Should We Cast the Ballot Electronically?
With the advancement of technology in the United States today, many are drawn to the idea of making elections available electronically. Although the technology is available, it is important to consider if it is safe and reliable. Electronic voting could have many negative implications on our society if it isn’t completely safe. In this paper, I will explore why this is such an important issue, who is affected, and how and if our new technology integrated into our voting system.
This topic is extremely important to the future every citizen in the country. As Avi Rubin eloquently puts it, “These changes are approached so sensitively because a discrepancy in the election system threatens the principals that make our society free, which in turn, affects every aspect of thee way we live.” A switch to electronic voting would affect every citizen because it would be the means to which we elect public officials into office, and affects the way we have an impact on our country’s government. Aside from its success, electronic voting would affect differently those who have more access and knowledge of computers. This change in method may deter the poor or elderly from participating in unknown territory. This drop in voter turnout from certain demographics may be detrimental the idea of a representative government.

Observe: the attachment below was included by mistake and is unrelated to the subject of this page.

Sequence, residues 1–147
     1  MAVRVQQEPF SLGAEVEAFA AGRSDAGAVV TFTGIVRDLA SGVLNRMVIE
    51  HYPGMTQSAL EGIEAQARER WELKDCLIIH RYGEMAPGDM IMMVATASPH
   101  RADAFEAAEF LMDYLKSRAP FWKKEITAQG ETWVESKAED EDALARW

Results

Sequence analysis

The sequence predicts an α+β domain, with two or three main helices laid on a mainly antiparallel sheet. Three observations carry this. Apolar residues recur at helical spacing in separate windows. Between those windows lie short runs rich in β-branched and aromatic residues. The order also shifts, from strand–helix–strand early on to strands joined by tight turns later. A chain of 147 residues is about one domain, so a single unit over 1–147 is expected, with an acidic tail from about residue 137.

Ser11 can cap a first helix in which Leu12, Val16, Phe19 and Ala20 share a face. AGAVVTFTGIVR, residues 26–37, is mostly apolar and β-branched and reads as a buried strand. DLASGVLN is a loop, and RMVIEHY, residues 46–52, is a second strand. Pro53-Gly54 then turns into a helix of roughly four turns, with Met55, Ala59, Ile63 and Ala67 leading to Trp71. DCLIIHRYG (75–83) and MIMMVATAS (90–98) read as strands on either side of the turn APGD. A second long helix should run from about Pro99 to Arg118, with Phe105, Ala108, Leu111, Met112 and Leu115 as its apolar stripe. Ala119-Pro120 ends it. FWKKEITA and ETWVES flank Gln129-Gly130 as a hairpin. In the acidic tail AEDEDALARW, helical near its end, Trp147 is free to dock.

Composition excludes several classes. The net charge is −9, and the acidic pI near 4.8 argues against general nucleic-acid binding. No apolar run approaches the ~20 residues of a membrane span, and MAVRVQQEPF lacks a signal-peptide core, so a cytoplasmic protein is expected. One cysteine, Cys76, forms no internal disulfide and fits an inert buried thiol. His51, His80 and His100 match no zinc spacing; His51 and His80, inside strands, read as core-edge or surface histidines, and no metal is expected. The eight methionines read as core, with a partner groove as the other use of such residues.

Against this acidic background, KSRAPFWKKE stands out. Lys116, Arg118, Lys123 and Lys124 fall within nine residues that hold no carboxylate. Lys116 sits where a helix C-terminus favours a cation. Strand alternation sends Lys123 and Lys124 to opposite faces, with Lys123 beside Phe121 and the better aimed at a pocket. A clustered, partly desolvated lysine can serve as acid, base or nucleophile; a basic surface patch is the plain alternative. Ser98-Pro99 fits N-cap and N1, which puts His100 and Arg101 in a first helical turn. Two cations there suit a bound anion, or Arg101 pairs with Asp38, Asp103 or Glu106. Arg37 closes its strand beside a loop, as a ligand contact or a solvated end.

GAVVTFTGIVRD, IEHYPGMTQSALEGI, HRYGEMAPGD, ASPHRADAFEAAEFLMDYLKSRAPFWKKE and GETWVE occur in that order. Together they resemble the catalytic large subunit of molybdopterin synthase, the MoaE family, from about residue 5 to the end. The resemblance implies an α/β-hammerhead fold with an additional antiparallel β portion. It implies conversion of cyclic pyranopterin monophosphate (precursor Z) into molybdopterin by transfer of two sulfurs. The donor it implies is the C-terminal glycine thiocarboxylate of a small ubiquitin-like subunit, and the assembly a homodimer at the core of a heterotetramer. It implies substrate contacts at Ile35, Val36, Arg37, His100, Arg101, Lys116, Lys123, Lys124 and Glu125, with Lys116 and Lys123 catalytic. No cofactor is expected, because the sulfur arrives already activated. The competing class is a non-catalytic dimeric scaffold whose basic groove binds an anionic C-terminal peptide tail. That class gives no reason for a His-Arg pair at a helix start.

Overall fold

My research began with many optimist articles about how computers will simplify, correct, and accurately tally votes. In the optimistic article “How E-Voting Will Work,” Keven Bonsor advocated electronic polling place (using touch screen kiosks) by stating: “Everything is electronic, so in addition to the benefit of timeliness, there is also less concern over human error in the counting process.” Taking this a step further to Internet voting, he states that “online voting eliminates the lines at polling places, and gives us the ultimate anonymous vote.”
As I continued my research, however, I found many other scientific reports that outline dire consequences of making US elections electronic. In “A Better Ballot Box” by Rebecca Mercuri, she argues that, aside from preventing ballot box stuffing, the new electronic voting systems currently for sale “provide less accountability, poorer reliability, and greater opportunity for widespread fraud than those already in use.” She insists that “there must be a way to back track total s from actual ballots that come from (and must be independently verified by) legitimate voters voting no more than once. In turn, ballots must in no way identify or be traced back to the voter after it is cast. These constraints, many experts say, cannot be mutually satisfied by any fully automated system.”
The main issues when it comes to voting seem to be accuracy and privacy. Anonymous votes are important because they prevent vote buying and extortion due to the fact that a person cannot prove (by a receipt or otherwise conventional means) that they voted...